In 1943, psychologist Abraham Maslow introduced a theory of human motivations whose centerpiece was his now-famous hierarchy of human needs. Maslow argued that humans have distinct categories of needs that exist in a clear order of relative priority. Of the five categories of needs he identified, physiological needs are the first priority, followed by safety needs, love needs, esteem needs, and self-actualization needs. Athletes have the same needs as other humans, and when an individual athlete is struggling in some way, it’s important for coaches to assess which of their needs, if any, aren’t being met, and what can be done about it. In Agnes’s case, Ramos went out of her way to make her feel safe, for example by accompanying her to all of her doctor’s appointments.
Consult your brain trust.
No coach knows everything or is expert in every subject. Even mediocre coaches know this, but mediocre coaches lack the humility to confess their limitations to others by asking for help in helping a struggling athlete. Angelina Ramos is not a mediocre coach, so she maintains a “brain trust” of other coaches and experts she consults in situations like the one she faced with Agnes Mansaray. You should too (if you’re a coach).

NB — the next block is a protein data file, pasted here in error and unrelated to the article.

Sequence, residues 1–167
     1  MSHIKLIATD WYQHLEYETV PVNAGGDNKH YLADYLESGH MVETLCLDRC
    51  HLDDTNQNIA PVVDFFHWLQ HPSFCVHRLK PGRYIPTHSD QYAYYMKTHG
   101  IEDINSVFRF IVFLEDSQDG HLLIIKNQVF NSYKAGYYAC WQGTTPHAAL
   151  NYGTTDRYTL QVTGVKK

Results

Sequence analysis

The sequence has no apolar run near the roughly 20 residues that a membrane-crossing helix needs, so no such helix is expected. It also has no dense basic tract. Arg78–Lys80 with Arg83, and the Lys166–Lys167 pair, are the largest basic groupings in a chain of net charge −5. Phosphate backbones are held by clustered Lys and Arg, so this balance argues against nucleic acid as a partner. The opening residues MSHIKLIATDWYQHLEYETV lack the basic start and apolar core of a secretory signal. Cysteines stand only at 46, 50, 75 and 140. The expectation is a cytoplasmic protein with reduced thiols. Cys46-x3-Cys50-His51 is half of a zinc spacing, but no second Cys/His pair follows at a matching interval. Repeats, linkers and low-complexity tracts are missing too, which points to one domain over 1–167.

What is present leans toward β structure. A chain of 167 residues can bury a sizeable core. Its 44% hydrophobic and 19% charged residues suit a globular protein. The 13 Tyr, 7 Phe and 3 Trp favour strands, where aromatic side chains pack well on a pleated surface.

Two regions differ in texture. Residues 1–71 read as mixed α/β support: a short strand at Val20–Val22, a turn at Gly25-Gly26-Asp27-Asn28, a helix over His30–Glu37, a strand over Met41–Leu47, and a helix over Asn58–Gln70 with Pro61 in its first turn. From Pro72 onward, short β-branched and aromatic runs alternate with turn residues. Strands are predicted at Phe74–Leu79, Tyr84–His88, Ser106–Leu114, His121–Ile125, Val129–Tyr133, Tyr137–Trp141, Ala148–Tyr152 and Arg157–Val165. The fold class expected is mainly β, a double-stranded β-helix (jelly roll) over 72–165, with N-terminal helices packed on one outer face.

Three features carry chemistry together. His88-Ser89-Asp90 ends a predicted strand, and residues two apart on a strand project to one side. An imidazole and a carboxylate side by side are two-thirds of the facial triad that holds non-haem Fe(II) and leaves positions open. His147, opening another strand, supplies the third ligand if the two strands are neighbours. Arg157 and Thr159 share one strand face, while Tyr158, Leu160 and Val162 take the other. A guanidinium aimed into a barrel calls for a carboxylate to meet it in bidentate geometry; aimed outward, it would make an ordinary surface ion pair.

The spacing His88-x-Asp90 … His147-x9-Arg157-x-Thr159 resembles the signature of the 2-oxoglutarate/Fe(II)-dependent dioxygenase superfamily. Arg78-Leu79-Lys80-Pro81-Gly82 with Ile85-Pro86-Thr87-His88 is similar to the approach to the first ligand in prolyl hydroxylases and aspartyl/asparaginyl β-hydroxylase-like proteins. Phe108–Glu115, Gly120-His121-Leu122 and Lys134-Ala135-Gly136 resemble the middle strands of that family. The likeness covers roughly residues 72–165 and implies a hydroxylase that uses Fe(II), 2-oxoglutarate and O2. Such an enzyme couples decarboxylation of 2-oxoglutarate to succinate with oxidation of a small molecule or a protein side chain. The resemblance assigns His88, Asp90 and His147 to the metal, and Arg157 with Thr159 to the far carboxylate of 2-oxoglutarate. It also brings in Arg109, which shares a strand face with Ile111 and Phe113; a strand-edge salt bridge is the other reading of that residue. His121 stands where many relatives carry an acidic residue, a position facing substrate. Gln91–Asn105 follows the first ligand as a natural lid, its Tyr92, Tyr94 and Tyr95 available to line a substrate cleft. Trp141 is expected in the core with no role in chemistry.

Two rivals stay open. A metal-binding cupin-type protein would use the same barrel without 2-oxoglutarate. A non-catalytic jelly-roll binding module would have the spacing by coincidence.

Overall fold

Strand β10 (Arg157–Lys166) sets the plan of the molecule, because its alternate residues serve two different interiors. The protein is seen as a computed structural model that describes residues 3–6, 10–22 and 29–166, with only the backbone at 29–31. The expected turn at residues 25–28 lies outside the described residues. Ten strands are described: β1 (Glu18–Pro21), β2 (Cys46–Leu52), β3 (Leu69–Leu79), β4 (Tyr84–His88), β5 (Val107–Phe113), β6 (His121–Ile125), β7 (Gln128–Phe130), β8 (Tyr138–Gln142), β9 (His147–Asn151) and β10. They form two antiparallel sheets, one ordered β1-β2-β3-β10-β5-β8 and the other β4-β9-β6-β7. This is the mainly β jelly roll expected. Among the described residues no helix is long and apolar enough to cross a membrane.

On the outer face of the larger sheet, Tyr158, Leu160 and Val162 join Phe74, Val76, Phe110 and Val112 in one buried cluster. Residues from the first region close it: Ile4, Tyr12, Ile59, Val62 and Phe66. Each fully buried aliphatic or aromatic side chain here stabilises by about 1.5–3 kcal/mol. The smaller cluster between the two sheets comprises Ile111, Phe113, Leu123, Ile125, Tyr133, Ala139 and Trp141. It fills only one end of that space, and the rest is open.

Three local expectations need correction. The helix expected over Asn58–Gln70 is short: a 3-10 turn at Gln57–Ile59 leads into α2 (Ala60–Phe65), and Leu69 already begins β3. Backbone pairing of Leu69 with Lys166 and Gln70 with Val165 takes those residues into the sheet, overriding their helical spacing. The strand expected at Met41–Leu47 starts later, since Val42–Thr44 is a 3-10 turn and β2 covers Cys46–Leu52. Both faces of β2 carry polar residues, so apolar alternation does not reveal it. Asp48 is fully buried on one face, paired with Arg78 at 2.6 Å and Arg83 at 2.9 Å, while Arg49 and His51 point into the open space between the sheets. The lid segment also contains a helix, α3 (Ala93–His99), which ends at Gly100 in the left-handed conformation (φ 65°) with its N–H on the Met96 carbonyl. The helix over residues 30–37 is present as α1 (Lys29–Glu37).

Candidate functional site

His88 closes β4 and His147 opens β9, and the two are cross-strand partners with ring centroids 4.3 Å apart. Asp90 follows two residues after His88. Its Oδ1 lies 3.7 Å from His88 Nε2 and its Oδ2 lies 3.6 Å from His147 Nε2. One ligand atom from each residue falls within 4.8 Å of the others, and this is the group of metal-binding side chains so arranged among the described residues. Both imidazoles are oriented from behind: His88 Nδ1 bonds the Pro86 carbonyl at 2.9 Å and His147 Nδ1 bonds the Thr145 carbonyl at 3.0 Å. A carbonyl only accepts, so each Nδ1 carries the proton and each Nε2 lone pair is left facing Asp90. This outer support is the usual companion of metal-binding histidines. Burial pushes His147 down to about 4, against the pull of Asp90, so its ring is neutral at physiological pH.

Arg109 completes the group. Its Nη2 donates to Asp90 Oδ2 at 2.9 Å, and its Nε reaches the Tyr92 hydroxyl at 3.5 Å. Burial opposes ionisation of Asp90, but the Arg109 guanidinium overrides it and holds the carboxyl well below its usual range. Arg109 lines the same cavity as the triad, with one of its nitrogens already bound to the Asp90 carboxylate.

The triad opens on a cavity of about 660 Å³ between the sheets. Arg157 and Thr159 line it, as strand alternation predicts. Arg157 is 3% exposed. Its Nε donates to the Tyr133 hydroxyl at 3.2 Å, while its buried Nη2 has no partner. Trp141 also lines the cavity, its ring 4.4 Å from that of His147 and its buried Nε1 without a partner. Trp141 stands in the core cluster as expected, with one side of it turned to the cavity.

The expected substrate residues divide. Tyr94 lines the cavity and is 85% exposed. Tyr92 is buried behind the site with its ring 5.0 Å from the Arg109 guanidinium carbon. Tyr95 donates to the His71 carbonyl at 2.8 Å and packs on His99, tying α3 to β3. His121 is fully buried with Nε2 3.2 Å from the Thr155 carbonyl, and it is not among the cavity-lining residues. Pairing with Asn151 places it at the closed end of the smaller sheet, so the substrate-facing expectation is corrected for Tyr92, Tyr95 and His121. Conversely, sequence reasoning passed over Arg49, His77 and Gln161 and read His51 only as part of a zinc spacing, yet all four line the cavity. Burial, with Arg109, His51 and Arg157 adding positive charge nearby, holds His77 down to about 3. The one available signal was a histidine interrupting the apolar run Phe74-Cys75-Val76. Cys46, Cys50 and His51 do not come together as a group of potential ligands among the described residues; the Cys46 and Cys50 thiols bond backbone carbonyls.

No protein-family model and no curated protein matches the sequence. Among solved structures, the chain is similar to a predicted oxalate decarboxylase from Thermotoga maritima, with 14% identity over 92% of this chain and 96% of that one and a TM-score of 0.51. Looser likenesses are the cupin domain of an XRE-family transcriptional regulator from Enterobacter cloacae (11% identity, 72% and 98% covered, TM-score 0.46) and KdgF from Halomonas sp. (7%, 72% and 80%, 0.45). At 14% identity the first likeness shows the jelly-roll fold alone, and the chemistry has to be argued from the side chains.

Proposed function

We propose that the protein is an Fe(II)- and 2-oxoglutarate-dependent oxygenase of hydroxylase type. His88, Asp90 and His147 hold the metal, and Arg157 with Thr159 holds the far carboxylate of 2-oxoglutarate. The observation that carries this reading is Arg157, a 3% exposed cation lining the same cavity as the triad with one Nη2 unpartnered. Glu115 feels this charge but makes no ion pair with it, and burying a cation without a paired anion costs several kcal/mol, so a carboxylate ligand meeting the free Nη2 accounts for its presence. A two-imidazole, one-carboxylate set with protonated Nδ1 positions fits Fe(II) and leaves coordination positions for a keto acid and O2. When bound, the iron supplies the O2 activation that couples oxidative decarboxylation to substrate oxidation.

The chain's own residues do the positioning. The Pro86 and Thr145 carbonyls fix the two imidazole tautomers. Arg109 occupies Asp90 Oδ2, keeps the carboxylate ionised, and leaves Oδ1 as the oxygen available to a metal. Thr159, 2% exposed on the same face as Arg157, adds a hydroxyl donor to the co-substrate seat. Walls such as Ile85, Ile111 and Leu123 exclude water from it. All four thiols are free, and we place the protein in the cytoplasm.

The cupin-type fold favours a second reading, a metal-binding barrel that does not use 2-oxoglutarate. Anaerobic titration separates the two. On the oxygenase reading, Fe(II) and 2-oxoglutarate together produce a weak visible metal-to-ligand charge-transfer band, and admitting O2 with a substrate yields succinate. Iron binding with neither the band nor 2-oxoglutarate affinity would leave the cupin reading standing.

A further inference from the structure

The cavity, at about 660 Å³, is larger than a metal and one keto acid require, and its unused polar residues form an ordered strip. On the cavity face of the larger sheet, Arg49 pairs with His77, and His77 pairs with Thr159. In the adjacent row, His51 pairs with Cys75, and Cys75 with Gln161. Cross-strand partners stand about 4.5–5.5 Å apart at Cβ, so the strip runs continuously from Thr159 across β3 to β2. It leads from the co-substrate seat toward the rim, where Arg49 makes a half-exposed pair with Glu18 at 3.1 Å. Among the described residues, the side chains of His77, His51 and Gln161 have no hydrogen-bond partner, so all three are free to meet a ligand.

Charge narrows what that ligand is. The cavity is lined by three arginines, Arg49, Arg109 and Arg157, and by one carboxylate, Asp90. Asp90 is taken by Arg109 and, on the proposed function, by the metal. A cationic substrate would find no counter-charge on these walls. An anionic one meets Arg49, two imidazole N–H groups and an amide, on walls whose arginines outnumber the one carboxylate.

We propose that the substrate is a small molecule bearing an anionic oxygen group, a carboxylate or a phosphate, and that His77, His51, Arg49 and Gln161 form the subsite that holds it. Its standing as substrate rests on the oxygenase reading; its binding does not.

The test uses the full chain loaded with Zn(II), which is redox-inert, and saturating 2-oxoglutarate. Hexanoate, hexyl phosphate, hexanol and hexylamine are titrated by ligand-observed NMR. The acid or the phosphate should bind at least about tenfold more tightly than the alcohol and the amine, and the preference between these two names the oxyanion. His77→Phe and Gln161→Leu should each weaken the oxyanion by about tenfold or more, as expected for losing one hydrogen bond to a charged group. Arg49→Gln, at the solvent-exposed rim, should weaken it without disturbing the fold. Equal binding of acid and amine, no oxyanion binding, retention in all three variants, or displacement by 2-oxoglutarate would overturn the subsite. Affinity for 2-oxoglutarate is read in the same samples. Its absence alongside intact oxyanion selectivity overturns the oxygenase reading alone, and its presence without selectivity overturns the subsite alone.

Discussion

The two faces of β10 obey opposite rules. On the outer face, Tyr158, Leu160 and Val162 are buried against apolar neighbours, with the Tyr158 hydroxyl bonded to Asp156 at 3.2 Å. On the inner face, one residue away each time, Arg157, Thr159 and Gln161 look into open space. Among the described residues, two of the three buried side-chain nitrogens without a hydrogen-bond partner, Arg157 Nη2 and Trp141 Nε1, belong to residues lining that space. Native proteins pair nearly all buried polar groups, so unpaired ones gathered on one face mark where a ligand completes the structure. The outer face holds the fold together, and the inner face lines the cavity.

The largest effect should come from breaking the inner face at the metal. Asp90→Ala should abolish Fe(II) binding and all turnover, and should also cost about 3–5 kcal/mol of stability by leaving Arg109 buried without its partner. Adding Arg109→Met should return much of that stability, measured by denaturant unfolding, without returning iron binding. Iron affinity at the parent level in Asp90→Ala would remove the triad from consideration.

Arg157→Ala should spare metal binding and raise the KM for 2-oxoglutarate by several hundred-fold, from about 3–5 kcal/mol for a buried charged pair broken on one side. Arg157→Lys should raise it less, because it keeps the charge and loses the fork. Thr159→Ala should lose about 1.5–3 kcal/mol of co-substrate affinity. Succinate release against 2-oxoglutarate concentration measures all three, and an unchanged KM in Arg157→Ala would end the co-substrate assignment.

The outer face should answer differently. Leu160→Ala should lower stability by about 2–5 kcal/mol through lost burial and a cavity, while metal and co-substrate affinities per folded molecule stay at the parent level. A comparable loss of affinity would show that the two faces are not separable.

Identify patterns, look for discrepancies between self-reports and data.
While it’s important to seek input from athletes, coaches should not have blind faith in the information they get from them. Discrepancies may exist between an athlete’s perceptions and objective measurements. For example, an athlete might say they feel strong and energetic in their training but the data tell a different story. In the case of Agnes, her toughness and her desire not to let down her team, the university, and even the country (the U.S. had granted Agnes asylum under very difficult circumstances when she was still in high school) cued Ramos to be on guard for signs that her pain was even more severe or constant than she communicated. Athletes seldom deliberately mislead their coaches, but even when they don’t, their self-reports can’t always be relied on in isolation in the search for solutions to weird problems.